A new national survey of college and university presidents finds that 86% are concerned about the amount of debt students are taking on to pay for their education, and that they support a range of policy changes to reduce the burdens of student debt.
The Project on Student Debt, September 2005
Debt Aversion as a Barrier to College Access
When student loans are the only way to pay for college, who decides how much debt a degree is worth? Through interviews and a review of available research, this paper explores how debt aversion and conflicting views about the role of student loans affect young people, their families, and those who...
National Crosstalk, August 2005
Student loans could be a more positive tool in college access efforts
This article examines the costs and risks of relying on personal debt to finance higher education, and suggests practical alternatives to increase college access for all students.
This report examines the process by which non-profit guaranty agencies can be converted to for-profit enterprises, and some of the conflicts of interest and inefficiencies that can result from such a shift.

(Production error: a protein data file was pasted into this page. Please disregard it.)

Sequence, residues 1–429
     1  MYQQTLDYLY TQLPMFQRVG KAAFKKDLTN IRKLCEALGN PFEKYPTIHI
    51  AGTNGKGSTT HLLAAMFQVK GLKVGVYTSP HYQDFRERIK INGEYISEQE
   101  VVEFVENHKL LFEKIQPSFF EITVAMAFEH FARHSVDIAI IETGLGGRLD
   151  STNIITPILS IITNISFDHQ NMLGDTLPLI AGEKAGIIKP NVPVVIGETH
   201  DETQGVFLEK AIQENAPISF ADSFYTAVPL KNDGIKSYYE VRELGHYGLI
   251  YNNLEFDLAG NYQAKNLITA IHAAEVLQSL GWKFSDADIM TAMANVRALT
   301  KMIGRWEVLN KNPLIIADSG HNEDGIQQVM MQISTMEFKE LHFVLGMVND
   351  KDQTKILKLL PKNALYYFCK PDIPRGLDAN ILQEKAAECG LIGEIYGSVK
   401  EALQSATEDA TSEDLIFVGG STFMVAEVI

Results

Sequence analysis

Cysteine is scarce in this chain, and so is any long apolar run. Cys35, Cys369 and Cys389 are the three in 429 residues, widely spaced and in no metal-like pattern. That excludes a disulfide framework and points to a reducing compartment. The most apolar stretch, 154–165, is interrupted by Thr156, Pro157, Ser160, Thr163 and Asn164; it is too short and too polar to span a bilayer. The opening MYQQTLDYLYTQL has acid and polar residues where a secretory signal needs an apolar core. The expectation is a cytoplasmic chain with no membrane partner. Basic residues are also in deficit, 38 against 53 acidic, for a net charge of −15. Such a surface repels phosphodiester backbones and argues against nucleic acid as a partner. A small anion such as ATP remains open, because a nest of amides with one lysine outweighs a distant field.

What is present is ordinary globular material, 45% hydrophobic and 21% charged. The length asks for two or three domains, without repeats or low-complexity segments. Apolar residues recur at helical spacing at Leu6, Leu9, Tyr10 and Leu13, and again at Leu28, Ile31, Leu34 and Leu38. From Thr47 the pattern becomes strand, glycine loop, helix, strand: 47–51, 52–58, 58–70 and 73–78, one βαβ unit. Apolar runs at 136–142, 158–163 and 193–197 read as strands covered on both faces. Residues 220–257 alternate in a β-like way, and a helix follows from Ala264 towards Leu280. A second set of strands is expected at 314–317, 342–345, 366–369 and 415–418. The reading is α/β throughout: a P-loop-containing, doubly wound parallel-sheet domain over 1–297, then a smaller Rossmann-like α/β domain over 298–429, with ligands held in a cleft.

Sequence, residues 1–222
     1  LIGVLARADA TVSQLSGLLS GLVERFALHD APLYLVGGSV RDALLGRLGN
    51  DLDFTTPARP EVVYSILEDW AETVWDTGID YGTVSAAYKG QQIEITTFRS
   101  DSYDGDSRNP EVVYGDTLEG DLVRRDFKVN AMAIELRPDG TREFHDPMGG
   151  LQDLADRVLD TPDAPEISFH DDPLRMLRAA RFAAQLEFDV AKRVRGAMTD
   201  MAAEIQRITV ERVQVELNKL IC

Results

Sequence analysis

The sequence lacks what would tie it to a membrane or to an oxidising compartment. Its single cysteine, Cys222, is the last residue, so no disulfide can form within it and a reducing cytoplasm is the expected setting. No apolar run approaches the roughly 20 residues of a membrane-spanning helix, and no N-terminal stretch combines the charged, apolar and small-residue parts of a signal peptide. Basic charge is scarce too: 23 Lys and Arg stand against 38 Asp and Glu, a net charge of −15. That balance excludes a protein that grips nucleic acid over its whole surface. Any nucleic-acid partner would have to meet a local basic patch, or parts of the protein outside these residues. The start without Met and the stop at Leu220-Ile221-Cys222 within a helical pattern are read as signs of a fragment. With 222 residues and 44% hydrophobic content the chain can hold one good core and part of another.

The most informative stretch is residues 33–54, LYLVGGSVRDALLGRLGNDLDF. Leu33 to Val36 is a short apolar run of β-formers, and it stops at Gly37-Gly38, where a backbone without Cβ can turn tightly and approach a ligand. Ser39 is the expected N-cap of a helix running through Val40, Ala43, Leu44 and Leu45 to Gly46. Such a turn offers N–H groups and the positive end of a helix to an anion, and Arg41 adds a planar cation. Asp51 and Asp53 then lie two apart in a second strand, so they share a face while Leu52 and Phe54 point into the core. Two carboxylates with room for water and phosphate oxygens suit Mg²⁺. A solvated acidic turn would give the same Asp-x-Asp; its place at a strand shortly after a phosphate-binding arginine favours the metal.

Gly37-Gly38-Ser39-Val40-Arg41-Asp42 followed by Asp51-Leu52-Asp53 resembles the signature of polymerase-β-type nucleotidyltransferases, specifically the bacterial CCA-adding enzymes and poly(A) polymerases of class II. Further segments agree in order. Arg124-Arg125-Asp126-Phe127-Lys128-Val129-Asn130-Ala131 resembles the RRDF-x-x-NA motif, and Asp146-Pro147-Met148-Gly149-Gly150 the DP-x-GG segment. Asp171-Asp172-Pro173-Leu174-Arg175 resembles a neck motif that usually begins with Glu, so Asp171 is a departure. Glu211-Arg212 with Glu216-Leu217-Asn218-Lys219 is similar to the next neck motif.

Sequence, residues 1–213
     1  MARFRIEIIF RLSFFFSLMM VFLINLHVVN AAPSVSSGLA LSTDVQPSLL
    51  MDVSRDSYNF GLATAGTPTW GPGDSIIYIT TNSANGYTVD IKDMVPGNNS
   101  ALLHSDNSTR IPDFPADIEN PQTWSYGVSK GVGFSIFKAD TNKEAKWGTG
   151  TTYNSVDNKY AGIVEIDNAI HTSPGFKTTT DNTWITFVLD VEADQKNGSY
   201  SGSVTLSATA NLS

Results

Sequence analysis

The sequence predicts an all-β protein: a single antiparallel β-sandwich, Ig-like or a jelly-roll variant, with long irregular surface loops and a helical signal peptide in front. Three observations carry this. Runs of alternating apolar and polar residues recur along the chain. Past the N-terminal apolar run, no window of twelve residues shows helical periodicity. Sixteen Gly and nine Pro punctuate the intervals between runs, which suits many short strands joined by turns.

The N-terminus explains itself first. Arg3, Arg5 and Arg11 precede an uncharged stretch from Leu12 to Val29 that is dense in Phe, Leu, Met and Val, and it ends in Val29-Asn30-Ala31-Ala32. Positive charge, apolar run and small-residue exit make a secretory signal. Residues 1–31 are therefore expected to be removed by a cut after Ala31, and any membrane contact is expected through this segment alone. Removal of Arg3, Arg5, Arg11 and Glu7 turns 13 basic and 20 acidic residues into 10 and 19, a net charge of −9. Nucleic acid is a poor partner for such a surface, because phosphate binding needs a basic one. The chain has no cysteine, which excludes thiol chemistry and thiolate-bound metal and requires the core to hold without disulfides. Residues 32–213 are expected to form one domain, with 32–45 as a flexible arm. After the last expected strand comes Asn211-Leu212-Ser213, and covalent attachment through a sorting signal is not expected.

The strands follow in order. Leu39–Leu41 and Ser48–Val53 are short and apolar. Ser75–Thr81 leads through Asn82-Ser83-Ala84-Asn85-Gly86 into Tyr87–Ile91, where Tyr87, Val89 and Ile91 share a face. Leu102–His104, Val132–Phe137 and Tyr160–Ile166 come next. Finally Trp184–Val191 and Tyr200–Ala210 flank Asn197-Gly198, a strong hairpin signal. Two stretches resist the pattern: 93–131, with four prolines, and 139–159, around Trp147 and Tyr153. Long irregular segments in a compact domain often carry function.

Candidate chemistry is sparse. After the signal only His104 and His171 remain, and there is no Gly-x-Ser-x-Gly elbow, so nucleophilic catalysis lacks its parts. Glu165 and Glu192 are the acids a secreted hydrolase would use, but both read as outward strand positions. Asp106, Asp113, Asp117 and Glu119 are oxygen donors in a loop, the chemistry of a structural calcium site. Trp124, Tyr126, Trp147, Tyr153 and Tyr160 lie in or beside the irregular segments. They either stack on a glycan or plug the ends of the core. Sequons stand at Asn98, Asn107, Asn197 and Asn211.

Testimony of Robert Shireman, the director of the Project on Student Debt, before the Health, Education, Labor and Pensions Committee of the United States Senate in April of 2005.
This is a pdf of a powerpoint presentation given at the Tomas Rivera Policy Institute on college access marketing, with specific examples of marketing campaigns from across the country.
The Institute's first major publication, Money For Nothing, brought national attention to the practice of "recycling" student loans with a guaranteed 9.5 percent interest subsidy. Until public attention was focused on this abuse, some lenders were collecting over a billion dollars a year in...